Blue Yonder release special Retail Supply Chain Digital Readiness report
Most global retailers are only at an early stage of digital supply chain adoption, according to a new report from Blue Yonder and University of Warwick. The Retail Supply Chain Digital Readiness report benchmarked the digital supply chain readiness of global retailers, revealing that only 15 percent currently have prescriptive or autonomous supply chains. However, the report also reveals that retailers harbour digital transformation ambitions, with more than half (61 percent) saying they want to achieve a prescriptive or autonomous supply chain by 2025.
The report shows retailers are not able to react to changes in demand in real-time, with only 8 percent refreshing demand planning processes on a real-time basis. More than one fifth (22 percent) of the retailers surveyed currently use spreadsheets for this process, but almost three quarters (74 percent) want to switch to prescriptive or autonomous technology in the next five years.
At present, more than half (61 percent) of retailers manage omni-channel inventory as separate channels. However, three quarters (75 percent) wish to achieve full omni-channel capability in the next five years, with 41 percent aiming to use AI to evaluate optimum inventory locations for each customer transaction. One quarter (25 percent) currently still use spreadsheets to manage replenishment analytics, but retailers know they need a more intelligent approach, with nearly half (46 percent) planning a fully autonomous approach in five years’ time.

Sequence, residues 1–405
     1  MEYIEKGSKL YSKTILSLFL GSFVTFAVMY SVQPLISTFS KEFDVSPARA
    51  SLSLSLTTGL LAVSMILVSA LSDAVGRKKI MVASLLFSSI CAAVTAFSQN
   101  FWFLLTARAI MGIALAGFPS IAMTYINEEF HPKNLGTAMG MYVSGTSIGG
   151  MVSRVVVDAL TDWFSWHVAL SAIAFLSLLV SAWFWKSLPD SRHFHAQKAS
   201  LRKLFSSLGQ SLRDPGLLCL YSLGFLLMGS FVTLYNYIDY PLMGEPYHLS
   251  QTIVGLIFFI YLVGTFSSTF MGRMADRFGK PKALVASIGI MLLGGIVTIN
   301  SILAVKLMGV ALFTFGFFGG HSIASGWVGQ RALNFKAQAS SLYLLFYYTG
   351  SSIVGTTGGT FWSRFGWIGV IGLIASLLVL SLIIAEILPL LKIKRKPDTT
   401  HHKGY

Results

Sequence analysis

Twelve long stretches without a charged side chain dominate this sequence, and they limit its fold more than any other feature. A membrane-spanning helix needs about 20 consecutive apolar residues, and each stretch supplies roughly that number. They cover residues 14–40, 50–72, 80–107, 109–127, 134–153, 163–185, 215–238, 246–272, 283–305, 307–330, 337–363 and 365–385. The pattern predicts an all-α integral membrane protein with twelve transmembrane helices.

The report reveals that when it comes to pricing, the majority of retailers work from a static promotional calendar, with only 13 percent continually optimising prices dynamically. At present, just 11 percent of retailers assessing multiple factors, such as inventory, margin, and waste, for promotions, but nearly half (46 percent) expect to be doing this in five years’ time. Currently just a small number use AI (11 percent) for markdown and promotion; however, in five years’ time they say this will have increased to 43 percent.
Retailers know they need to include key metrics such as stock and margin for financial planning and strategy: only 11 percent currently do this, but 40 percent want to be doing so by 2025. Retailers also want to move financial planning and strategy away from static to real-time approach. Today, only 7 percent have this capability, but 36 percent have set themselves this ambitious objective for the next five years.
. To conduct the survey, the supply chain was broken down into 9 core processes, from which a mission-specific maturity grid was developed for each. Participants were asked to identify their current maturity levels and their ambitions for five years’ time, and from those parameters an overall aggregate score was calculated. This methodology enabled patterns in digital maturity to be identified in correlation with ambition and strategic gap analysis.